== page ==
RapidSMS saves mothers, children lives
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Marie Gorethe Nyirabambari is animatedly engaged with her mobile phone under a tree outside Karwasa Health Centre in Musanze District. She also sieves through a handful of documents on her lap.
Nyirabambariis a community health worker. Her task is to keep tabs on pregnant mothers from the time the pregnancy is announced until delivery.
She also follows up the life of a child after birth in the outskirts of Musanze city.
This, according to Nyirabambari, was difficult until she started using RapidSMS programme to convey all the messages related to the state of pregnant mothers to the concerned institutions, mainly those under the Ministry of Health.
The RapidSMS system was initiated in 2009 by the Ministry of Health in collaboration with the United Nations Children’s Fund (UNICEF).
It is run by the ministry, which hosts the server that receives all kind of information from across the country and sends the needed feedback to the sender.
RapidSMS is used to monitor the activity of community health workers (CHWs) whose job is to ensure their respective jurisdictions improve maternal, newborn and child survival.
Nyirabambari, who had been working as community health worker even before the system was initiated, says it has eased their work compared to the past when everything was virtually ‘manual’.
“RapidSMS has changed our way of communication and helped us speed up communication while following up with pregnant mothers,” Nyirabambari says.
“With RapidSMS, everything is easy, when we know a mother is pregnant, we immediately send the short message which is received by the ministry of health and we receive a feedback on how to proceed,” she added.
The feedback they receive is also sent to health centres where the community health workers are based.
The system is built as a circle and it never breaks until the mother and the baby are given necessary care.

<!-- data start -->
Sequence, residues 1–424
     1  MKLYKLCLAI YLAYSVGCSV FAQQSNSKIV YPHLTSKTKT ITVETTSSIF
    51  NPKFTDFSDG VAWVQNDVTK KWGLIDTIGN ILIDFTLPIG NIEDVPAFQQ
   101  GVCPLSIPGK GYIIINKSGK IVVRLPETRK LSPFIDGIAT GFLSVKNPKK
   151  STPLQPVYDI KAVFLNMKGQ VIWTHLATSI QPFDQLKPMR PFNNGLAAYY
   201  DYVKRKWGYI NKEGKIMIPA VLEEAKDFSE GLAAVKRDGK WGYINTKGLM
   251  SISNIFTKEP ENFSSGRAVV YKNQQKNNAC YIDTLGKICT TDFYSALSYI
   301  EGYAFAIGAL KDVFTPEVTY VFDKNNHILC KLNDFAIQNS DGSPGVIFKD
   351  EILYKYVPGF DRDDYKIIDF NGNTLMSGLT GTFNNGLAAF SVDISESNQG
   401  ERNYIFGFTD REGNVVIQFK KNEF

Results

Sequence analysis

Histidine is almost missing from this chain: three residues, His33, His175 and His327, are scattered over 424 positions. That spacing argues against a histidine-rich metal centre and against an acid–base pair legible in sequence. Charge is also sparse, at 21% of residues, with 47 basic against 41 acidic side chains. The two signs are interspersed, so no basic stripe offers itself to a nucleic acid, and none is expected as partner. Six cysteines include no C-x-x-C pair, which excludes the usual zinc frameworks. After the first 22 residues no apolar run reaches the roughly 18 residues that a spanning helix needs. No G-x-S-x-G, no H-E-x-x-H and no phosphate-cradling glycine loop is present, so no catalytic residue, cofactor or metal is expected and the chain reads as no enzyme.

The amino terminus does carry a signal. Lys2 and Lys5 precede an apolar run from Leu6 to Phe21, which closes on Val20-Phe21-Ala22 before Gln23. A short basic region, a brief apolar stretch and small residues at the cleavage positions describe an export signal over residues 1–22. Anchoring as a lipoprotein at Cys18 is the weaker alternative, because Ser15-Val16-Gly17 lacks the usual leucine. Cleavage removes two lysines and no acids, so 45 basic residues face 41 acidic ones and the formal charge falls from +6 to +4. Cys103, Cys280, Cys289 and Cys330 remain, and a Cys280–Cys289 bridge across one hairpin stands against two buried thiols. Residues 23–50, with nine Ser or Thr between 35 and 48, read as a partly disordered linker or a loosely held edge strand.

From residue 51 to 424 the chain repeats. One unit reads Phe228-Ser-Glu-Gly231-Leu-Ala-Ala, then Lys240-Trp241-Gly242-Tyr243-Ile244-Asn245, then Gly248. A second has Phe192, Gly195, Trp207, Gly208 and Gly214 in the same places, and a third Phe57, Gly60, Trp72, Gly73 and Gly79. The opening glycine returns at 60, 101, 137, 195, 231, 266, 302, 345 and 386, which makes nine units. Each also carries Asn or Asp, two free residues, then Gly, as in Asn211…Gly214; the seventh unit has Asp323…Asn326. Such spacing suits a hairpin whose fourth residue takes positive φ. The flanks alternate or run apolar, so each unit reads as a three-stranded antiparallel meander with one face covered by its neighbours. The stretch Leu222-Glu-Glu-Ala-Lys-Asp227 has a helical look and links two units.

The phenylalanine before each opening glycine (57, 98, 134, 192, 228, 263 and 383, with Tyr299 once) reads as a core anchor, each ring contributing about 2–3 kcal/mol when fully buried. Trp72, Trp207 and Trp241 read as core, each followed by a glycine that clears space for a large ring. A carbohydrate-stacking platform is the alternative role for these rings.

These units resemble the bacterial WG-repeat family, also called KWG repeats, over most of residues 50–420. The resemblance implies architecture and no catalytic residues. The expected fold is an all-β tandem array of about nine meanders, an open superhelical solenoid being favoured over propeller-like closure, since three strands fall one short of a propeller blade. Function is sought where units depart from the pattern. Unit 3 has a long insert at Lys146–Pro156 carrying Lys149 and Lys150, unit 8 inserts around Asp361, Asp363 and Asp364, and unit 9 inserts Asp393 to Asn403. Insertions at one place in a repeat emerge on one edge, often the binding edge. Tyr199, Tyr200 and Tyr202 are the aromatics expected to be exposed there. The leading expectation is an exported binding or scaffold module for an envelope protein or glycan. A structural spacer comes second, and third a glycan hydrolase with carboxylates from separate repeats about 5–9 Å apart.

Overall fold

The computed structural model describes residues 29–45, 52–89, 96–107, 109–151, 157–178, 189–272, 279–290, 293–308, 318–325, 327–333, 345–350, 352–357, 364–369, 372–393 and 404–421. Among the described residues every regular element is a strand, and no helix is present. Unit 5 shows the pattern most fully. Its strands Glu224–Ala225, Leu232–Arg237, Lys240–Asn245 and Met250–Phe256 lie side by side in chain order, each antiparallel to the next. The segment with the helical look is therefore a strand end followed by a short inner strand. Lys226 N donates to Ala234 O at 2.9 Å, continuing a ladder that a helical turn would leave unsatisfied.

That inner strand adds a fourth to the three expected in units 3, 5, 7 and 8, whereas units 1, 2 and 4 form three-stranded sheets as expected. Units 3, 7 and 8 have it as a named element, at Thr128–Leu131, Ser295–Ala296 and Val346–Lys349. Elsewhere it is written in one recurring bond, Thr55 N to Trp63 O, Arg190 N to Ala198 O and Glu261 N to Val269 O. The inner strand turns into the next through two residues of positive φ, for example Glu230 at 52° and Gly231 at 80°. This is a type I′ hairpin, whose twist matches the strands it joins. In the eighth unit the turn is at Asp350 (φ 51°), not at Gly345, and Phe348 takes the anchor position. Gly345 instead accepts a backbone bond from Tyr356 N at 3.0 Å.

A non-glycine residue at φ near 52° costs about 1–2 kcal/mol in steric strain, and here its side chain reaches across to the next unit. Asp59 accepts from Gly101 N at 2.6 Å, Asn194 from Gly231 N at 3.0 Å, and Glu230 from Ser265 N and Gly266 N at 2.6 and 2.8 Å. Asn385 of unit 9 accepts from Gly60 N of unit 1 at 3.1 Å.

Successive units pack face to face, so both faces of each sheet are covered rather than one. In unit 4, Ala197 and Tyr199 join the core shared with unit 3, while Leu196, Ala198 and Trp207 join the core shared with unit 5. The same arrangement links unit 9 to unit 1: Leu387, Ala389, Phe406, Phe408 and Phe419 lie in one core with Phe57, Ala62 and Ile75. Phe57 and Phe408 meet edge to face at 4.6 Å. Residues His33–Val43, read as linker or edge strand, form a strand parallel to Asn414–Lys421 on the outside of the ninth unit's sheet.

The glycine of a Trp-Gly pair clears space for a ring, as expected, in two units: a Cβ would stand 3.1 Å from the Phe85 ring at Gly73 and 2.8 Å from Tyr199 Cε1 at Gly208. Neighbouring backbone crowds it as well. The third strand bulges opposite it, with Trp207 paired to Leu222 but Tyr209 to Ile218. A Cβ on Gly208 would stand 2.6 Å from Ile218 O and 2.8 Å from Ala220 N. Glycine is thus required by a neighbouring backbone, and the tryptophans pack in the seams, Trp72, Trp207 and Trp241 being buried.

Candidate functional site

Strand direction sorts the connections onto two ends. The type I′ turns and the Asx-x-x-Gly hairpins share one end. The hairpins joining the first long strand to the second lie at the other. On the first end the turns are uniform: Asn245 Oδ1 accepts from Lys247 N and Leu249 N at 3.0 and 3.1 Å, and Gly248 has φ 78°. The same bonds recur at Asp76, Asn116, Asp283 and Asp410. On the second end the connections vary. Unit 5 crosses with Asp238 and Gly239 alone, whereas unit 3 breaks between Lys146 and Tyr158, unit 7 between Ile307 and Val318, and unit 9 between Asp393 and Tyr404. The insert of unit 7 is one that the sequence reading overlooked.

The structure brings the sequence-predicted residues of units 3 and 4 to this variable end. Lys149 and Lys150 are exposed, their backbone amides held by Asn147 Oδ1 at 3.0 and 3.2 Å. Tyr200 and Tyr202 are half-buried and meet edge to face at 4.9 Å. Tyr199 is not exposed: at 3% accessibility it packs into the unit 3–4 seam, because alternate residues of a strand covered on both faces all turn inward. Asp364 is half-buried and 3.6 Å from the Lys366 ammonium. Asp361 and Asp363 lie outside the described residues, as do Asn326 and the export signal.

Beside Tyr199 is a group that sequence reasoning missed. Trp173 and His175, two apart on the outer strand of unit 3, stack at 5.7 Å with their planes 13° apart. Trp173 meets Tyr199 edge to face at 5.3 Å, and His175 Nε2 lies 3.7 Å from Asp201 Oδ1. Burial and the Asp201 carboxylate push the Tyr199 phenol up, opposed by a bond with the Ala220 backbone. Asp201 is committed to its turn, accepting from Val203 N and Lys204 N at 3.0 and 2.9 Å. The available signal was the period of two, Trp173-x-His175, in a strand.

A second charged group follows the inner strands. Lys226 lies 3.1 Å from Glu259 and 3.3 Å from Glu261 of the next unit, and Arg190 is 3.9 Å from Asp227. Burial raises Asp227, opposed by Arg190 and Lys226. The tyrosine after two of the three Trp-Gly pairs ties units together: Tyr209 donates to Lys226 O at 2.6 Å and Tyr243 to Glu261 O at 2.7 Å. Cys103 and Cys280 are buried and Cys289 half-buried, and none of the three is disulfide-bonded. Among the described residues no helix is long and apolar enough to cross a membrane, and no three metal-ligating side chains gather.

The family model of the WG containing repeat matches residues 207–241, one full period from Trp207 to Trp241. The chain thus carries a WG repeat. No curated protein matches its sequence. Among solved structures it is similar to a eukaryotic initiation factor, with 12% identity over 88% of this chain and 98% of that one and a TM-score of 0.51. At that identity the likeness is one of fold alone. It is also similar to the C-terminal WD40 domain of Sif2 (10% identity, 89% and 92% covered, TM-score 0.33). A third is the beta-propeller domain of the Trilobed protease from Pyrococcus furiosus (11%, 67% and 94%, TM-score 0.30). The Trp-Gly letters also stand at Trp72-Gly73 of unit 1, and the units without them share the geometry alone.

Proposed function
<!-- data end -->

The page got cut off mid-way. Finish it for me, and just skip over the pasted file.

‘Complicated pre-RapidSMS era’
Before the system was introduced, everything was complicated, we used to make hand written reports monthly on the progress of pregnancy, the feedback was delayed and it was even difficult to keep following on after delivery, Nyirabambari says.
As a community health worker, she says that they played a big role in saving lives of many before the RapidSMS was introduced but required a lot of effort and time.
“For instance, I don’t need to go every time. I have the whole programme with me and whenever time to visit a certain family comes, I receive an alert from health officials, this means that I am always on standby and can’t miss any day,” she says.
RapidSMS is credited for reducing child and maternal mortality rates.
Before the RapidSMS was introduced, we recorded many deaths, most pregnant women were helped to deliver by traditional birth attendants who were unable to handle attendant infections or complications,” she adds.
Christine Uruvugundi, another community worker in Musanze, appreciates the role of the mobile technology in saving lives.
“RapidSMS has saved many lives we would have lost. Previously, community health workers found it hard to help pregnant women as the process was too long but currently things are done in a few seconds,” says Uruvugundi.
Jeaninne Uwimanimpaye, a mother of four from Cyuve Sector, Musanze District, commends CHWs for helping her in various ways when she was pregnant until delivery.
They have also worked closely with her to raise her babies through counselling.
“Community health workers have helped me since I conceived my second born. One of them visited me so often and whatever we talked was sent via SMS, she could also tell me what to do next and in some cases accompany me for consultations,” says Uwimanimpaye.
RapidSMS is managed by more than 45,000 CHWs operating in 15,000 villages across the country and has saved lives of thousands of new expectant mothers and their new born babies, according to Dr Emmanuel Manzi, a UNICEF health specialist.
Infant mortality drops
The programme started in 2009 and, ever since, has seen some improvement of its versions and services from supporting pregnant mothers until birth up to 1,000 days of the babies and their hygiene and sanitation, he said.
Angelique Nyirafaranga, CHW’s supervisor at Ruhengeri Hospital in Musanze, says they have been mandated by the Ministry of Health to monitor the outcomes of care in Musanze District.
This is done through quality improvement committees with the most prevalent diagnoses and the outcomes of the most common operations in order to improve them over time.
One of the mandates is to improve neonatal and child survival at the health centre and community levels.
In Musanze District, infant mortality decreased from 130 in 2012 to 81 in 2013; then to 66 in 2014. Last year, the mortality rate stood at 50, according to Nyirafaranga.
The number of home deliveries also decreased from 296 mothers in 2012 to 223 in 2013 and to 189 and 152 in 2014 and 2015, respectively, she added.
The last findings from Rwanda Demographic and Health Survey 2014-2015 shows that infant mortality has fallen from 50/1000 births in 2010 to 35/1000 births in 2014-2015.
Under- five mortality rate have fallen From 76/1000 births in 2010 to 50/1000 births in 2014-2015.